04 oct movie rev los reyes

Two street dogs (and a few teens) at a skateboard park have starring roles in Los Reyes

Documentary, 78 minutes, not rated, in Spanish with subtitles, Center for Contemporary Arts, 3 chiles

More than most, this review must come with a warning label: This movie is not for everybody. If you shell out your hard-earned money and then sit for almost an hour and twenty minutes and discover that not much happens, don’t come whining to me.

There are no stars, no celebrities, hardly any people visible at all. There are no big issues, not much of a storyline. The movie is set in Los Reyes, a skateboard park on the outskirts of Santiago, Chile. Directors Bettina Perut and Iván Osnovikoff intended to make a documentary about the teen skaters who hang out there, but they proved to be poor subjects, self-conscious on camera. The filmmakers were ready to throw in the towel.

Enter Chola and Football, a couple of mangy street dogs, to save the day. Osnovikoff, a skater himself, had noticed that they were always there at the park. They didn’t seem to belong to anybody. And he had the inspiration to make them the focus of the film.

Cinematographer Pablo Valdés trained his camera on the dogs. The images, many in extreme close-up, seem to seep into the very being of the dogs. Much of the time they sleep. Sometimes they chase mounted policemen or bicyclists. They play with found toys — old tennis balls, plastic soda bottles, even stones. They improvise games. There’s no attempt to anthropomorphize the pooches: They’re dogs, committed to their doggie world, graciously accommodating the humans around them.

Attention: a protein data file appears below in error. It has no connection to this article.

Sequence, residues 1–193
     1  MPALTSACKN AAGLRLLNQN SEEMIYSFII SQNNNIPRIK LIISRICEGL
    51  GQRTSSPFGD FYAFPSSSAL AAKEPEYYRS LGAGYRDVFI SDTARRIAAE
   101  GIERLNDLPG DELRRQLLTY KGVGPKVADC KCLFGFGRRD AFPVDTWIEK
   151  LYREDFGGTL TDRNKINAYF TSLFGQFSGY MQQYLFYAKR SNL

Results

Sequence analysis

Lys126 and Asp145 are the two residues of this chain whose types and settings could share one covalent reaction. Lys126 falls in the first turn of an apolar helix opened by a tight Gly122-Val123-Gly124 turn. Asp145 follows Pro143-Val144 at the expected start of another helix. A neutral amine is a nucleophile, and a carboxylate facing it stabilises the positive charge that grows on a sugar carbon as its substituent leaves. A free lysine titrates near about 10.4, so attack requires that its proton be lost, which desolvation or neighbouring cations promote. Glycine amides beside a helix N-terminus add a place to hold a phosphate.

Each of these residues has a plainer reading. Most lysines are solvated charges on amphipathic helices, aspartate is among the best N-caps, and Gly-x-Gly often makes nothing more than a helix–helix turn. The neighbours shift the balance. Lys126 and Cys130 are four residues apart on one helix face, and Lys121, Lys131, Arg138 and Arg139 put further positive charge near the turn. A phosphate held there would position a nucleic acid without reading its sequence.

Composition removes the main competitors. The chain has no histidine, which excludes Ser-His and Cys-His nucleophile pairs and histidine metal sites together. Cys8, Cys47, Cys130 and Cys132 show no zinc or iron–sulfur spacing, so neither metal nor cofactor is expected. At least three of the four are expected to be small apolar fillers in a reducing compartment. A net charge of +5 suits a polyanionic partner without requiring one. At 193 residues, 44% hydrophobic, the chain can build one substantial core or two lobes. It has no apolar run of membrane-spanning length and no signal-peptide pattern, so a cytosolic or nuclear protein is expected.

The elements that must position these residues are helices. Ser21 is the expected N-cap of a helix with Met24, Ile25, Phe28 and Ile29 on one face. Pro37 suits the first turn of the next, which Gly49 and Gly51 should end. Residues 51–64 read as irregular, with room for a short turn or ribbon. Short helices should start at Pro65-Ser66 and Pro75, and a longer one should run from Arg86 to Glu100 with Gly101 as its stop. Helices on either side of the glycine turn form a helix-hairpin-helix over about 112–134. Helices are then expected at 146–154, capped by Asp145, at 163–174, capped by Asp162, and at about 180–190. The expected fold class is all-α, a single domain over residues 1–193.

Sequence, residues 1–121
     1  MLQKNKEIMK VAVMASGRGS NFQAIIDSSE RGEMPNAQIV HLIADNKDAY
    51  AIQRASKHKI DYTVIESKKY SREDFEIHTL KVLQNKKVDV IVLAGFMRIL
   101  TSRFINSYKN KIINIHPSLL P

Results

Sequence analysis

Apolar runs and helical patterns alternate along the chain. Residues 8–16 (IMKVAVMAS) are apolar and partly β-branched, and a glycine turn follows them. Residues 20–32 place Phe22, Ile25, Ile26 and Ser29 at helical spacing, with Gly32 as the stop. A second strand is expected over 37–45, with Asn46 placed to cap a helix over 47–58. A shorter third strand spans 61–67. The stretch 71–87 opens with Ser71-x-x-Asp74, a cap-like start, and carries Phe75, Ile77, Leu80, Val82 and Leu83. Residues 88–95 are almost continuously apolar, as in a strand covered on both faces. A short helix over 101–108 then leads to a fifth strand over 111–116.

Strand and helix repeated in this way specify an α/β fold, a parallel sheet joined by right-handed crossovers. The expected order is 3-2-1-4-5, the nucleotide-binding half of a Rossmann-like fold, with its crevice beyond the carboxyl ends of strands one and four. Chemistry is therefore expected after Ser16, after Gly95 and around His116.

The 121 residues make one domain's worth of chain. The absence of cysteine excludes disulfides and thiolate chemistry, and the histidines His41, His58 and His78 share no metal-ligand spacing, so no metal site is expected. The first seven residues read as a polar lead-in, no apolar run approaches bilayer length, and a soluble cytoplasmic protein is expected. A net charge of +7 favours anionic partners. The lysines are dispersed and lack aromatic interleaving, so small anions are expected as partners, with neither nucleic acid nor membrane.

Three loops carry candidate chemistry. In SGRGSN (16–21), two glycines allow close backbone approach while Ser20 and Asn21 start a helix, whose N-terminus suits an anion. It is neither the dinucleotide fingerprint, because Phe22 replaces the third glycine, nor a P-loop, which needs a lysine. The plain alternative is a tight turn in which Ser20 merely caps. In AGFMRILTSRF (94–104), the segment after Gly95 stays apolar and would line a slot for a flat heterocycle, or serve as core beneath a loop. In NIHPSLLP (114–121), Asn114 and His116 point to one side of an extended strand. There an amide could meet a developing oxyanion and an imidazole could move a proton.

With the camera focused elsewhere and the pressure off, the teens open up. They talk freely about their lives, their drugs, their troubles with parents and with corrupt cops, their conversation larded freely with the world’s most popular adjective. Eventually, they even begin to talk about their futures. The talk is all off-camera. We see feet. We see hands rolling joints. We glimpse the kids flashing by on their boards, or lounging at a distance.

But the soul of this quirky, lovely movie is in the hands — or the paws — of two dogs. They play, they bark, they observe. Mostly, they lie there — asleep or not, rain or shine (in a little more comfort after someone installs a couple of ramshackle dog houses). There’s love and canine laughter; there’s happiness and there’s heartbreak.

They are Football and Cholo of Los Reyes, the kings of the park.

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